You have good days, and you have bad days, that’s commonplace for people who suffer from tinnitus but why? Tinnitus is the technical term for ringing in the ears, a condition that more than 45 million Americans experience, according to the American Tinnitus Association, and comes along with hearing loss by around 90 percent of them.
But that doesn’t explain why the ringing is invasive some days and almost non-existent on others. It is not entirely clear why this occurs, but some typical triggers may explain it.
What Is Tinnitus?
The following phantom noises are heard by people who suffer from tinnitus:
One of the things that makes tinnitus so troubling is that you hear it but no one else can. The noise can vary in pitch and volume, too. One day it could be a roar and the next day be gone completely.
What is The Cause of Tinnitus?
Changes in a person’s hearing are the most common cause. The cause of these changes could be:
- Ear bone changes
- Noise trauma
- Earwax build up
Some other possible causes include:
- Tumor in the neck or head
- TMJ problems
- Head trauma
- High blood pressure
- Meniere’s disease
- An issue with the carotid artery or jugular vein
- Acoustic neuroma
Sometimes there is no obvious explanation for tinnitus.
If your tinnitus is new, consult your doctor and find out what is going on with your ears. The issue could be a symptom of a life threatening condition like heart disease or it might be something treatable. A side effect of a new medication might also be the cause.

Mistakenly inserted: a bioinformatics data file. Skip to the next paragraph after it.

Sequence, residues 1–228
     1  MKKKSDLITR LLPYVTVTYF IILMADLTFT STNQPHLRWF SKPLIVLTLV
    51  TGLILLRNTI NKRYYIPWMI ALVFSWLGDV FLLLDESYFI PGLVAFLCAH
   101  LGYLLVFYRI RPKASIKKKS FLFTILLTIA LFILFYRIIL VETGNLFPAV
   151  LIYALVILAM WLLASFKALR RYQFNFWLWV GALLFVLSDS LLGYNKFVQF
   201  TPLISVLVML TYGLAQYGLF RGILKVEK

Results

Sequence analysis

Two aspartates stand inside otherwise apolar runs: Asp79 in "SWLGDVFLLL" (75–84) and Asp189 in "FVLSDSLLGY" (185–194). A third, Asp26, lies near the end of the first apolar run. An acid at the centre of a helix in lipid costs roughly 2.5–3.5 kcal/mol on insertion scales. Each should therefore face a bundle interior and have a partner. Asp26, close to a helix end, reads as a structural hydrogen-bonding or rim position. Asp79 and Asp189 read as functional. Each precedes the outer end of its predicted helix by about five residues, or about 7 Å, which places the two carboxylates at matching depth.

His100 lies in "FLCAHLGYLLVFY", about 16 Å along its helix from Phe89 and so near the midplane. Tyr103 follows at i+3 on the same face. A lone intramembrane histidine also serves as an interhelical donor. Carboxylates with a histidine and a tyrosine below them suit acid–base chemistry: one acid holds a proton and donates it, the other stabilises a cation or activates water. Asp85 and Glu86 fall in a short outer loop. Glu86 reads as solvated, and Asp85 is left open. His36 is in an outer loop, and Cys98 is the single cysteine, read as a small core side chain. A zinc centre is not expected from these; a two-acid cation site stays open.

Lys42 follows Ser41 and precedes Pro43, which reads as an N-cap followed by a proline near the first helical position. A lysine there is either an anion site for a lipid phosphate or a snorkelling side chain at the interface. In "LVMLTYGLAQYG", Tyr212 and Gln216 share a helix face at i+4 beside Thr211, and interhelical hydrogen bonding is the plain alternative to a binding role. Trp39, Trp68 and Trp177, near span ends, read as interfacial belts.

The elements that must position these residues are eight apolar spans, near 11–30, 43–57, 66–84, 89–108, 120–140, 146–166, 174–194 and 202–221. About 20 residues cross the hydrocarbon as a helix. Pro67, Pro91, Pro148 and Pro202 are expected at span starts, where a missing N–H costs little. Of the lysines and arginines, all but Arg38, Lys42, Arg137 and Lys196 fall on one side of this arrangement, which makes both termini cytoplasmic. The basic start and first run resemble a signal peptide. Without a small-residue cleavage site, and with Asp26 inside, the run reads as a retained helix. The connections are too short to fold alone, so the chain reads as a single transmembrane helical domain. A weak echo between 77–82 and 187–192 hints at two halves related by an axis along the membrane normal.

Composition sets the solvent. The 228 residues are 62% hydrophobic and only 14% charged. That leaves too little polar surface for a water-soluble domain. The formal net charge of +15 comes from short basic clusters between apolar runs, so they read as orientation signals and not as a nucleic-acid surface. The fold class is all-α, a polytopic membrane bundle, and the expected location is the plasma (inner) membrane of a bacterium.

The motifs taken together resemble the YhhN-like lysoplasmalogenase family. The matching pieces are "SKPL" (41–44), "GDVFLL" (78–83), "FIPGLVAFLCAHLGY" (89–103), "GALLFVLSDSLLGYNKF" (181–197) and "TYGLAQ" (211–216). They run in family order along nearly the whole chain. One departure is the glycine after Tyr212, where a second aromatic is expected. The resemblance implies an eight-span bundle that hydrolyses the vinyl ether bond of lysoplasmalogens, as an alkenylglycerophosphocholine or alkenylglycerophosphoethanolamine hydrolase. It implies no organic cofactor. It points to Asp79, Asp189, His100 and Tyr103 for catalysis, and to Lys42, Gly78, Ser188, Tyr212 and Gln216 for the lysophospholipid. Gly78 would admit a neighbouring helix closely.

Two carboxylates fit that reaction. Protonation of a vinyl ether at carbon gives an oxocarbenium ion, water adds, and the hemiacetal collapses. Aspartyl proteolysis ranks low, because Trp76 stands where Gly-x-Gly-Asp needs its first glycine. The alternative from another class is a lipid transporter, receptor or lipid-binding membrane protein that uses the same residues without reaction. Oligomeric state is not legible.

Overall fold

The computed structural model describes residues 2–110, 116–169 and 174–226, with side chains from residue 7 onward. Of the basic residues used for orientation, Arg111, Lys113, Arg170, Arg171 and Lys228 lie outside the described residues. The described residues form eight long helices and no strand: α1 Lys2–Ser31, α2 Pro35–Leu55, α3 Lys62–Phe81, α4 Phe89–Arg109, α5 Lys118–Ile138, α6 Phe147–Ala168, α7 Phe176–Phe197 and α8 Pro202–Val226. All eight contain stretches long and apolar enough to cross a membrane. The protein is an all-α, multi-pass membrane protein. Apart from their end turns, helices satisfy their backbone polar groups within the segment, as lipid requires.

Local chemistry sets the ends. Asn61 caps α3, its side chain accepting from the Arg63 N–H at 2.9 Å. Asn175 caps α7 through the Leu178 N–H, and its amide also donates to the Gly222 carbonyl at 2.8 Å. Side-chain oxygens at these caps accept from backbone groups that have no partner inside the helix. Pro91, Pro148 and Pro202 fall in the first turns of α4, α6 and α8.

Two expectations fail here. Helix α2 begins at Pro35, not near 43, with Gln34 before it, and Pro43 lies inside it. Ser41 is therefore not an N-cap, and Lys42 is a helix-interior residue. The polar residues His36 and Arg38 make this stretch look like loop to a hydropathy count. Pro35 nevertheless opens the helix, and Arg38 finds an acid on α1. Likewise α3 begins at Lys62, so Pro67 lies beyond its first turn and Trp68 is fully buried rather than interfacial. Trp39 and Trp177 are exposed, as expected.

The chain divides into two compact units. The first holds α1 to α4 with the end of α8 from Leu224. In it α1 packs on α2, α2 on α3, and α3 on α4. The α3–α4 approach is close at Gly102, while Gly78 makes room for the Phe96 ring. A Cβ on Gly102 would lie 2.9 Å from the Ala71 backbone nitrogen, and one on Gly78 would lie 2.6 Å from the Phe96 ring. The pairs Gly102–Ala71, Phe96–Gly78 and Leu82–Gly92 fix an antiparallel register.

For some reason the ringing gets worse on some days.
It’s somewhat of a medical mystery as to why some days are worse than others for those with tinnitus. And there could be more than one reason depending on the person. There are common triggers that might explain it, though.
Loud events like concerts, club music, and fireworks are enough to aggravate your tinnitus. If you expect to be subjected to loud noise, your best choice is to use ear protection. You can enjoy the music at a concert, for example, without hurting your ears by wearing earplugs.
Another thing you can do is to put some distance between you and the source of the noise. When you go to a fireworks display don’t go up front and avoid the front row when you’re at a live performance. Combined with hearing protection, this could diminish the impact.
Loud Noises at Home
Stuff around the house can be just as harmful as a loud concert. Tinnitus can be triggered by a lawn mower for example. Here are various other sounds from around the house that can cause injury:
- Laundry – For instance, if you fold clothes while the washer is running.
- Wearing headphones – It might be time to lose the earbuds or headphones. Their job is to increase the volume, and that could be aggravating your ears.
- Woodworking – The tools you use are enough to cause a problem
If you can’t stay away from loud noises at least put in hearing protection.
Loud noises on the job have the same effect as a concert or the lawnmower. If you work around machinery or in construction it’s especially crucial to use hearing protection. Your employer will probably provide hearing protection if you make them aware of your worries. Spend your personal time letting your ears rest, too.
Changes in Air Pressure
When most people go on a plane they experience ear popping. An increase in tinnitus can happen because of the noise of the plane engine and the shift in pressure. If you are traveling, take some gum with you to help equalize the air pressure and consider ear protection.
Changes in air pressure happen everywhere not just on a plane. Taking the right medication to relieve sinus pressure is also helpful.
Medication might also be the problem. Some medications impact the ears and are known as ototoxic. Included on this list are these common medications:
- Over-the-counter pain relievers
If you’re experiencing an intensifying of your tinnitus after you start taking a new prescription, seek advice from your doctor. Changing to something else could be a possibility.
For some people tinnitus is not just annoying it’s disabling. To be able to figure out how to control it from day to day, the first step is to find out what’s causing it.